My final Bit of Bytes column – Advance copy

Bleep, Blop, Bloop – Trends in tech language

For my final Bit of Bytes column I’m going to take a trip down technology memory lane. Be it good or bad we all know the impact technology has had on society. With this column I want to put under the microscope how technology has changed how we communicate, particularly the language we use.

giphy1

Some elements of communication have been relatively unaffected by technology. Yes the business letter is less common however the language and tone has simply relocated to email. It hasn’t really been displaced. Throughout history, and through to today, there has been technology that impacts significantly upon how we communicate.

Morse code

-.. . …- . .-.. — .–. . -.. / -… -.– / … .- — ..- . .-.. / ..-. .-.-.- -… / — — .-. … . / .. -. / – …. . / .—- —.. …– —– … –..– / — — .-. … . / -.-. — -.. . / .– .- … / -.. . …- . .-.. — .–. . -.. / .- … / .- / -.-. — -.. .. ..-. .. . -.. / — . -.-. …. .- -. .. … — / ..-. — .-. / – .-. .- -. … — .. – – .. -. –. / .- -. -.. / .-. . -.-. . .. …- .. -. –. / -. .- – ..- .-. .- .-.. / .-.. .- -. –. ..- .- –. . / .- -.-. .-. — … … / – …. . / – . .-.. . –. .-. .- .–. …. / … -.– … – . — .-.-.-

— …- . .-. / – .. — . / — — .-. … . / -.-. — -.. . / …. .- … / -.. . …- . .-.. — .–. . -.. / .- -. -.. / . …- — .-.. …- . -.. / .. -. – — / .- -. / .. -. – . .-. -. .- – .. — -. .- .-.. / — — .-. … . / -.-. — -.. . –..– / .- …- .- .. .-.. .- -… .-.. . / .- – / …. – – .–. —… -..-. -..-. .– .– .– .-.-.- .. – ..- .-.-.- .. -. – -..-. .-. . -.-. -..-. .-. -….- .-. . -.-. -….- — .-.-.- .—- -…. –… –… -….- .—- -….- ..— —– —– —-. .—- —– -….- .. -..-. .-.-.- / .– …. .. .-.. … – / .– . / – …. .. -. -.- / — ..-. / — — .-. … . / -.-. — -.. . / .- … / .- / -.. . .- -.. / .-.. .- -. –. ..- .- –. . / .. – … / -. — – / –.- ..- .. – . / – …. . .-. . / -.– . – .-.-.- / — — .-. … . / -.-. — -.. . / .. … / … – .. .-.. .-.. / .–. — .–. ..- .-.. .- .-. / .- — — -. –. / .-. .- -.. .. — / . -. – …. ..- … .. .- … – … / .- -. -.. / .. … / -… . .-.. .. . …- . -.. / – — / … – .. .-.. .-.. / -… . / – .- ..- –. …. – / – — / — . — -… . .-. … / — ..-. / – …. . / -.. . ..-. . -. -.-. . / ..-. — .-. -.-. . … / -… . -.-. .- ..- … . / — ..-. / .. – … / … .. — .–. .-.. .. -.-. .. – -.– / .- -. -.. / .- -.. .- .–. – .- -… .. .-.. .. – -.– / .. -. / . — . .-. –. . -. -.-. -.– / … .. – ..- .- – .. — -. … .-.-.-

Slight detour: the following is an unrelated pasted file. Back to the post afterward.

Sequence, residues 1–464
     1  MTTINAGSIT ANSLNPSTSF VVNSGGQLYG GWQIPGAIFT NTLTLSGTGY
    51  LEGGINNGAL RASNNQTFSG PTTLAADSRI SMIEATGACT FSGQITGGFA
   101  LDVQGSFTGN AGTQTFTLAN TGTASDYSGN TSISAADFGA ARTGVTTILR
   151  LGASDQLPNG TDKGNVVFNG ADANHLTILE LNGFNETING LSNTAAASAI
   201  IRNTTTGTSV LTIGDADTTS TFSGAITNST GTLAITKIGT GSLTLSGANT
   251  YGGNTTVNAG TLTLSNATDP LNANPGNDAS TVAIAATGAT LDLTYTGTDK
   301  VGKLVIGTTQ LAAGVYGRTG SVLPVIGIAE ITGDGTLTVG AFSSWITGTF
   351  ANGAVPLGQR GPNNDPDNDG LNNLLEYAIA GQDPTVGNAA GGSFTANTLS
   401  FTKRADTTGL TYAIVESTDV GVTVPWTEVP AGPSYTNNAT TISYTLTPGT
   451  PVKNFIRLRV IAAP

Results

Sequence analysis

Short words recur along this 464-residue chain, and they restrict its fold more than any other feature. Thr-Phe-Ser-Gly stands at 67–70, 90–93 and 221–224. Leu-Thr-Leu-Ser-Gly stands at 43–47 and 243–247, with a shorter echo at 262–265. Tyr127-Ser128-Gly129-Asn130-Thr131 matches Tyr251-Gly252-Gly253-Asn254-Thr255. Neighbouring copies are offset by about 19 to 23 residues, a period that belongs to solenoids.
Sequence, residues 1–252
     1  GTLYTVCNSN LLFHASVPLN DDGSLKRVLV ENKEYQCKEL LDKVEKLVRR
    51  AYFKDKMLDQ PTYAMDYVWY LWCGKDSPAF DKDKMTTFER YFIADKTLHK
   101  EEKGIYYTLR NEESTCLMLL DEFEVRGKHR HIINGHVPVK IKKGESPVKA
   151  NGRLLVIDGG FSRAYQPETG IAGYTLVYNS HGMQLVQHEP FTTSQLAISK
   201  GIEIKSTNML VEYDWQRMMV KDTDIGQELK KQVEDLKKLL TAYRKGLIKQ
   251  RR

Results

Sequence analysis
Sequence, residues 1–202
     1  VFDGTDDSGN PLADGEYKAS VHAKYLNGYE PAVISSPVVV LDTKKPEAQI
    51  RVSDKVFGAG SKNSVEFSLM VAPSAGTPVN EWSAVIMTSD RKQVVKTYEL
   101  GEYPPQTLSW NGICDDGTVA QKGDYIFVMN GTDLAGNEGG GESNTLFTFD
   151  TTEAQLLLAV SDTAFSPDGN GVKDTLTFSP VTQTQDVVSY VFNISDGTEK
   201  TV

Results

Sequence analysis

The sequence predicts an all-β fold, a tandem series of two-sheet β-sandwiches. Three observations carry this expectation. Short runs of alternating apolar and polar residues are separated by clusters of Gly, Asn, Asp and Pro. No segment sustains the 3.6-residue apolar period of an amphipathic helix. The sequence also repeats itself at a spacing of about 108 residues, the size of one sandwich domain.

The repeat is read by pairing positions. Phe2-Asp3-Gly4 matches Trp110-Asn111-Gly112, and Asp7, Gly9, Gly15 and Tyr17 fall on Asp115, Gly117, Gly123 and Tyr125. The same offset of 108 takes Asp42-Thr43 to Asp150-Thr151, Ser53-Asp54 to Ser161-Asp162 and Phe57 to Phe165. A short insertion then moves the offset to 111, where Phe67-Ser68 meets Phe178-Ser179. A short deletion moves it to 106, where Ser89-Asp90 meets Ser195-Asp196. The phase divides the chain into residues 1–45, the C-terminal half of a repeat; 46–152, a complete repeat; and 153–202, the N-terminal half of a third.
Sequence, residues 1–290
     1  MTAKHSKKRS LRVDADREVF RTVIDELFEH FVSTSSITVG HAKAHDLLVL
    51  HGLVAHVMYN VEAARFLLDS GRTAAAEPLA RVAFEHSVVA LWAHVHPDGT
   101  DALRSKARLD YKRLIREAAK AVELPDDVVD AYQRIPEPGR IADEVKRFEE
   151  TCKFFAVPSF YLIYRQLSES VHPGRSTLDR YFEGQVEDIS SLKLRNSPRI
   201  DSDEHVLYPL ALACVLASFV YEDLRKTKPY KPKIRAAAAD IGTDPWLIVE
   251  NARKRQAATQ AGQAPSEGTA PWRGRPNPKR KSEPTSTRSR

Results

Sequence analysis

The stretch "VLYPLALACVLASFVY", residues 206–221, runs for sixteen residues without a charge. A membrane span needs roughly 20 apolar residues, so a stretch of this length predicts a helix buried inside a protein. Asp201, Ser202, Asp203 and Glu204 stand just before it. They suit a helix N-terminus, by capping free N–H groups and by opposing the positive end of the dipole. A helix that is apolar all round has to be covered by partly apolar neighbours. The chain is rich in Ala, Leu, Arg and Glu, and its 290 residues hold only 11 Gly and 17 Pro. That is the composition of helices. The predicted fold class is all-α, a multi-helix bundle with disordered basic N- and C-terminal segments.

Want to read that bit? Decode it at http://www.unit-conversion.info/texttools/morse-code/

Telegram

Morse code and the telegram are intimately linked but after reading up on the language of the telegram I couldn’t stop. (Hehe get it?)

The telegram forced users to the economical with their communication. With a charge per word the saying a penny for your thoughts had to be taken seriously.

In an ironically wordy guide, Nelson E Ross’ 1928 booklet on how to write telegrams provides guidance on the importance of economical telegrams:

“Naturally, there is a right way and a wrong way of wording telegrams. The right way is economical, the wrong way, wasteful. If the telegram is packed full of unnecessary words, words which might be omitted without impairing the sense of the message, the sender has been guilty of economic waste. Not only has he failed to add anything to his message, but he has slowed it up by increasing the time necessary to transmit it. He added to the volume of traffic from a personal and financial point of view, he has been wasteful because he has spent more for his telegram than was necessary. In the other extreme, he may have omitted words necessary to the sense, thus sacrificing clearness in his eagerness to save a few cents….when you think of telegraphing someone to “reply at once,” you may very well save the cost of an unnecessary word and write it, “reply immediately,” or “reply quickly.” ”